Panama was the main destination of our trip and wanting it to be low maintenance, planning-wise, we signed up for an adventure tour, which means you are one of 10-16 people who generally aren’t new to travel and willing to carry their own bags and brave a cold shower or two. There are no tour buses, only minivans or public transport, no guides with umbrellas and no lollipop signs with the leader cloyingly asking, “How are we all this morning?” In fact the guide isn’t a guide at all, just a type of personal concierge who travels with us doing glorious things like arranging for the water taxi to drop us at the hotel dock instead of having us lug our bags up, hot and sweaty, from the wharf in town.

We’d both used this particular company, G Adventures, before on separate occasions and enjoyed it as an economical, hassle-free way to see more of a place in a short time than going it on your own. I’d forgotten that it is also a Canadian company which means out of 16 there are only two couples, from New Zealand and Germany, and a solo Russian traveler based in the States vs 11 Canadians. I was momentarily dismayed not to have more cultures represented but am now painfully aware that Canadians are not a homogenous people. Or maybe more accurately that personality quirks are not limited by nationality.

We have a few who talk like they are giving performances, including the way oldest of the group who described in three acts the various sizes of socks her son uses. But she also had the best line the other day when climbing from bench to bench in our tippy boat, a bridge of hands raised to help her along. At one point she spread-eagled slightly when her foot slipped and we all gasped and asked if she was alright. She hopped the final bench and said, in her blunt, crotchety voice, “Well, at least I didn’t go into labour.”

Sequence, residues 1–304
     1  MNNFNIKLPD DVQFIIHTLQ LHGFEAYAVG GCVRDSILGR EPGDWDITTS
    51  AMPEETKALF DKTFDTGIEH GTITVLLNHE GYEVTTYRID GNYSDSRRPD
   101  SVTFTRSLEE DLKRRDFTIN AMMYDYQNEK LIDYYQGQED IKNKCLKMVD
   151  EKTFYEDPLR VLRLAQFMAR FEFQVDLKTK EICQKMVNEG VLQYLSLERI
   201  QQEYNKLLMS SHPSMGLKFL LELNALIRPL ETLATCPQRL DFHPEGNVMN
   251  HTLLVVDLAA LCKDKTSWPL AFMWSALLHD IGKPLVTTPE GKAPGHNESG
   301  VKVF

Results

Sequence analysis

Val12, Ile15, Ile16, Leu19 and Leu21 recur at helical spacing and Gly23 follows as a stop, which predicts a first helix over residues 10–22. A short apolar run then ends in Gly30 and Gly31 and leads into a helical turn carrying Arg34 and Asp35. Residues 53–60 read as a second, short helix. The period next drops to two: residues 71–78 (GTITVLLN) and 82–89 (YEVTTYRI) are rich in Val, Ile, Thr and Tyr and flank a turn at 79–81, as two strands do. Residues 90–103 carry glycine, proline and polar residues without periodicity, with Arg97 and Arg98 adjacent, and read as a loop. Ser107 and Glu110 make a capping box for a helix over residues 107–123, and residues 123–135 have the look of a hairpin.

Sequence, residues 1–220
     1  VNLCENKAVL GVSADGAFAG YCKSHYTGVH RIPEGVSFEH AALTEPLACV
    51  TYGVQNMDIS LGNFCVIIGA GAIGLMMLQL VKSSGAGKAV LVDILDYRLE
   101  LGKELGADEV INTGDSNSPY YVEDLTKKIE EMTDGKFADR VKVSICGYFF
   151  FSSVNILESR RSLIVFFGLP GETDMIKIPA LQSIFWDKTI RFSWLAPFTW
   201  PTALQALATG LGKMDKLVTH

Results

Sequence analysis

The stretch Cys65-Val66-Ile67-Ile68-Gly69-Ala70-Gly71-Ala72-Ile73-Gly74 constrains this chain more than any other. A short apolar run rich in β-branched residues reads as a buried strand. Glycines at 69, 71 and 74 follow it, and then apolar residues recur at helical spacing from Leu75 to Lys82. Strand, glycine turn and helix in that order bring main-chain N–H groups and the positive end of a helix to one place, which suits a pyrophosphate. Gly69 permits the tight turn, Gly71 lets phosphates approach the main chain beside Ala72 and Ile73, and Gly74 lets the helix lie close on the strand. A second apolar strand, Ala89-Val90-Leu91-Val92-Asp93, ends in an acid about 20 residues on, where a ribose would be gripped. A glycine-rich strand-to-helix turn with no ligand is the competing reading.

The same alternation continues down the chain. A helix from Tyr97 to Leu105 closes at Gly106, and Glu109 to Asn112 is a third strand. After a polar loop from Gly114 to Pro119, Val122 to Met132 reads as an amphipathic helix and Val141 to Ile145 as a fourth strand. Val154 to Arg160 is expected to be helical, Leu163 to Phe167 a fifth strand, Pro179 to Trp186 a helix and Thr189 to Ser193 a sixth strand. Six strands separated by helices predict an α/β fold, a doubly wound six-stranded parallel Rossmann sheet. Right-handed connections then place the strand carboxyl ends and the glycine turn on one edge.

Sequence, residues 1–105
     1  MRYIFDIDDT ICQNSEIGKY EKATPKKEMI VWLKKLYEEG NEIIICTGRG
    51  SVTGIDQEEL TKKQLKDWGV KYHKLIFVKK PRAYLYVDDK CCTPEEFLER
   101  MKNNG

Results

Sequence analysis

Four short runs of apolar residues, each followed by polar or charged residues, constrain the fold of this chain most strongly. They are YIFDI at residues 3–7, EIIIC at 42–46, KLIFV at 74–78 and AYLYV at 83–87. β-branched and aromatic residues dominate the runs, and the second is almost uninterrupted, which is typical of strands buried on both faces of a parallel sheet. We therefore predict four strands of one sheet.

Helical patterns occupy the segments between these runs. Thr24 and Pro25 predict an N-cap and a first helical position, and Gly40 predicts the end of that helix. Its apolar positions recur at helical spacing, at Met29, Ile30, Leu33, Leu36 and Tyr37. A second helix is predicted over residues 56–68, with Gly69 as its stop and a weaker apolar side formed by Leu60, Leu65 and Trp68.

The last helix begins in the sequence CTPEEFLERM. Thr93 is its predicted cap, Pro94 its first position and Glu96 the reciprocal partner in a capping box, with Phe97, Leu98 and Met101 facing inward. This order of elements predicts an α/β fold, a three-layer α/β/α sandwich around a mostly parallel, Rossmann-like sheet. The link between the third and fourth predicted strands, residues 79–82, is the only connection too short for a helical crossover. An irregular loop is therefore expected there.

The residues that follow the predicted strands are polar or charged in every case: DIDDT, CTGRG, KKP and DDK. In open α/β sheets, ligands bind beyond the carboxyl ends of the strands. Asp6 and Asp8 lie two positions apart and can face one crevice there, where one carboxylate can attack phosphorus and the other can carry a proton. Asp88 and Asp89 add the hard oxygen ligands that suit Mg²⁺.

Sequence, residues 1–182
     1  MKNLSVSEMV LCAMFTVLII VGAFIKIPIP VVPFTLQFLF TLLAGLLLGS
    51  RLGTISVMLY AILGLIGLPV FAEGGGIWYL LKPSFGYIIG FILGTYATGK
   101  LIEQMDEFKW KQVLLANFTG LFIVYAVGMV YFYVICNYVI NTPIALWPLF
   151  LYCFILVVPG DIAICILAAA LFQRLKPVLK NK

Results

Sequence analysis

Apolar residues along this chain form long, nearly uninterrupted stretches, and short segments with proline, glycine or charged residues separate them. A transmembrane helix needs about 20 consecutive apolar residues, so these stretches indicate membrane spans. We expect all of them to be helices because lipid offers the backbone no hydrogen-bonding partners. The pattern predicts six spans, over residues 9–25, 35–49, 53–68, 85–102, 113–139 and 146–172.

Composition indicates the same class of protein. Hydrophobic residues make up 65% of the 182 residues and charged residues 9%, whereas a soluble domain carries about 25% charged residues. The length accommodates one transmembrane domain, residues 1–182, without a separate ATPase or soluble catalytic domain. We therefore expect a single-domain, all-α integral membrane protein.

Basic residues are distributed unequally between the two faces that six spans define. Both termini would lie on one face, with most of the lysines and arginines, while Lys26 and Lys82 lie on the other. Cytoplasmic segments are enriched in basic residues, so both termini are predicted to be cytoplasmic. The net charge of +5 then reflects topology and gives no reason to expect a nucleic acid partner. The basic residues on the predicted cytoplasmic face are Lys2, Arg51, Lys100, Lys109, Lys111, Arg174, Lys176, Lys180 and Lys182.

The first test of our flexibility was turning the entire schedule on its head and doing the trip backwards to adjust for Carnival, the large festival that takes over most of Latin America in the week leading up to Mardi Gras. We took that in stride as a group but the reminder of the per bag weight restriction on domestic flights sent the others into a tailspin. K and I sat smugly in the knowledge of our compact duffel bags while the guide calmed everyone else down. Of course we are paying for it now, rotating the same crumpled t-shirts and shorts while everyone else changes for dinner.

Bocas del Toro is the Panamanian province that borders Costa Rica and a number of our group compare it endlessly to that country. I like it as it is, kinda grubby in places, with bright macaron-coloured houses that have their edges chewed off. We’re staying in Bocas Town, the provincial capital on Isla Colón, one of the islands in the Bocas del Toro archipelago. Colón is Spanish for Columbus and much is named after him in this area based on his 1502 visit, although a local told us he is not well liked here because he was mean to the indigenous people.